Artificial Cells Talk to Real Ones

Nonliving cells developed in the lab can communicate chemically with living bacteria, according to a study.

Jef Akst
Jef Akst

Jef Akst is managing editor of The Scientist, where she started as an intern in 2009 after receiving a master’s degree from Indiana University in April 2009 studying the mating behavior of seahorses.

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Jan 31, 2017

FLICKR, SURIAN SOOSAYSheref Mansy of the University of Trento in Italy and colleagues have developed artificial cells that pass a bacterial version of the Turing Test, which pits artificial intelligence (AI) against human intelligence.

Devised more than half a century ago by mathematician Alan Turing, the Turing Test states that if a computer can fool a human into thinking she is speaking with a real person, then the computer has achieved true AI. Now, Mansy’s team has developed artificial cells—encapsulated chemical systems designed to carry out particular cellular pathways, in this case, bacterial quorum sensing pathways—that have fooled real bacteria into thinking they’re alive. When cultured with Vibrio fischeri, Pseudomonas aeruginosa, or E. coli, the artificial cells began expressing certain genes in response, according to a study published last week (January 25) in ACS Central Science.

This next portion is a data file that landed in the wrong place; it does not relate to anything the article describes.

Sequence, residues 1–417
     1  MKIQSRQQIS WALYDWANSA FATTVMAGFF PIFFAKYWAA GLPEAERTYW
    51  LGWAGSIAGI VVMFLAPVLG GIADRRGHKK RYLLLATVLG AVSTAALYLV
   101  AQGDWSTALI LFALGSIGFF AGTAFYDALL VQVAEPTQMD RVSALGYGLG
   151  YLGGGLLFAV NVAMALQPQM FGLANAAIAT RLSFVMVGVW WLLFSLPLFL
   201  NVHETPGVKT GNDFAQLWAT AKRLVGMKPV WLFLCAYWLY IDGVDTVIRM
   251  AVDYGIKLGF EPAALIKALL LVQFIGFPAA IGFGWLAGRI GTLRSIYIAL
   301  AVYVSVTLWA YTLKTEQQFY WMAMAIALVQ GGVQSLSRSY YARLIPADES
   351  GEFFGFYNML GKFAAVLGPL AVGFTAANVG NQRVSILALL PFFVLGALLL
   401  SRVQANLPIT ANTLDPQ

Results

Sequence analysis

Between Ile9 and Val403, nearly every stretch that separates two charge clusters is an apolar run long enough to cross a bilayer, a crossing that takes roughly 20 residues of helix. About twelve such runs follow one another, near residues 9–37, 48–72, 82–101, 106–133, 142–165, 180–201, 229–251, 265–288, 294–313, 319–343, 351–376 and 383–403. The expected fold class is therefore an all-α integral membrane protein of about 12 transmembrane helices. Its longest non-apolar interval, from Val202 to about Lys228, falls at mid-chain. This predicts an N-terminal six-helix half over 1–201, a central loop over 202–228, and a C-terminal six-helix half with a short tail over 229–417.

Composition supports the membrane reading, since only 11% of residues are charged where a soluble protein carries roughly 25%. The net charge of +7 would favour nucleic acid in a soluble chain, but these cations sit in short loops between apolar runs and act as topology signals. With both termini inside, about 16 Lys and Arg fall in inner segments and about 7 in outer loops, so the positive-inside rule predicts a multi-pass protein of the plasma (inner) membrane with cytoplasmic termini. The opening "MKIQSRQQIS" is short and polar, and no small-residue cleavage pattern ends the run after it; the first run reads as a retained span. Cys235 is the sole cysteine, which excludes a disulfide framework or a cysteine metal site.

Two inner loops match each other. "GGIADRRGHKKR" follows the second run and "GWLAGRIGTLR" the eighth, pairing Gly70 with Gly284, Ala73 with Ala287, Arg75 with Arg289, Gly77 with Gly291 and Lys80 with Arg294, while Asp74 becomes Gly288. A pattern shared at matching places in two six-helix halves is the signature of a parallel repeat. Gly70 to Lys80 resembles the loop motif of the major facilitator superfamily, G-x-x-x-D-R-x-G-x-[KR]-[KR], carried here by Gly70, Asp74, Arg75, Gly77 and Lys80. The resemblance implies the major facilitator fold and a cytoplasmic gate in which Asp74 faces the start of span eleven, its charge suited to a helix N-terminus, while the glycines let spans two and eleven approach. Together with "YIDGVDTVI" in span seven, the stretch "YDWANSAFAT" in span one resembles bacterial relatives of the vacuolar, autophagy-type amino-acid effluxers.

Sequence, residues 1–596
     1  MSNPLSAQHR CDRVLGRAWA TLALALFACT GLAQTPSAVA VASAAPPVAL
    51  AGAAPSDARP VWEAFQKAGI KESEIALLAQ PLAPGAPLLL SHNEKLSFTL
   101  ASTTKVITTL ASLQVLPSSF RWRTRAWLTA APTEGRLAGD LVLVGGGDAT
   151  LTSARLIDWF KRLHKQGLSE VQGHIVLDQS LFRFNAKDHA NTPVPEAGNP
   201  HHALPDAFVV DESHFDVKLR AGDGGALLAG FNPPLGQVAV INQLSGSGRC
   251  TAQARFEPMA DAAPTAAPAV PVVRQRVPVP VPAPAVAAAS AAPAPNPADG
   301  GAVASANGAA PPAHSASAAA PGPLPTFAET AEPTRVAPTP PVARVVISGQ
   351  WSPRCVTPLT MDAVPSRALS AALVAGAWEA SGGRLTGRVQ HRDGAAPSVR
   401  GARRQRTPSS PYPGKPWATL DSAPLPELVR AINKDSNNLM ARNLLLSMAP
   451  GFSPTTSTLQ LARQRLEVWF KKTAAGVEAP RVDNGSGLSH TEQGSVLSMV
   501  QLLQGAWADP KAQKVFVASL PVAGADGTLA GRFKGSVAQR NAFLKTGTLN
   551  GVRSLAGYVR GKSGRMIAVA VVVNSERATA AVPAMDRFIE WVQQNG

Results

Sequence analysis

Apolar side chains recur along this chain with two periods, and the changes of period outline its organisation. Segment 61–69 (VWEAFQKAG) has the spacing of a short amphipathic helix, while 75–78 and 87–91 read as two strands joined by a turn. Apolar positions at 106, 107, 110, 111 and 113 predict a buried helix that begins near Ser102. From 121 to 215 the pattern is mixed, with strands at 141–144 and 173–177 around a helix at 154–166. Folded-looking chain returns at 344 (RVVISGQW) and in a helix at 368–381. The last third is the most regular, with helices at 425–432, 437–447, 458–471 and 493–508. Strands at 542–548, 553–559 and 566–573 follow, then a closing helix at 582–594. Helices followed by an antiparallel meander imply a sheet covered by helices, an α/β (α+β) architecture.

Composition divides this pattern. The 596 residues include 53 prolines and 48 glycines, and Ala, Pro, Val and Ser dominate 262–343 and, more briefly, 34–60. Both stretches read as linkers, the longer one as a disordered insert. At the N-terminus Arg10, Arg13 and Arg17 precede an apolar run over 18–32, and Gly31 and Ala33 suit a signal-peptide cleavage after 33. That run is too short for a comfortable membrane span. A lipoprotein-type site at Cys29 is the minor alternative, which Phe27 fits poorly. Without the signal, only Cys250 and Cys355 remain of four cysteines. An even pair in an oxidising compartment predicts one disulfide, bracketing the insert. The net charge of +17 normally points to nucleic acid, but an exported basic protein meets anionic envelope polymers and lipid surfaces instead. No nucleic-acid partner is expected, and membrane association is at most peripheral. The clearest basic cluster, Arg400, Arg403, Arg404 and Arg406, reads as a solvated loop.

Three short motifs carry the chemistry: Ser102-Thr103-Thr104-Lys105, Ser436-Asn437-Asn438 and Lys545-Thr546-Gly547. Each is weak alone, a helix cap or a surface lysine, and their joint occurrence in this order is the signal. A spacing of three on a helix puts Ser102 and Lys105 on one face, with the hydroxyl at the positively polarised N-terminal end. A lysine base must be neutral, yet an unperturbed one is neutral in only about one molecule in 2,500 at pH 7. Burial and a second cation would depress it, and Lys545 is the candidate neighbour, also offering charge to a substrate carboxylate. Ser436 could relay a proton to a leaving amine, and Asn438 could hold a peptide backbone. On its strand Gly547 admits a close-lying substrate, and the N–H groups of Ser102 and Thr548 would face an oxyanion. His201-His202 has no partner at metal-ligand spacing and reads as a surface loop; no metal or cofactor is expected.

“It is absolutely possible to make artificial cells that can chemically communicate with bacteria,”...

To function, however, the artificial cells required that translation machinery be implanted, Mansy told ResearchGate. “To make more advanced and life-like artificial cells, the artificial cells would need to synthesize their own translation machinery, which is a daunting task. Either we figure out how to do this, or we’ll have to find a way to build artificial cells that are not reliant on the activity of proteins.”

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Artificial Cells Talk to Real Ones

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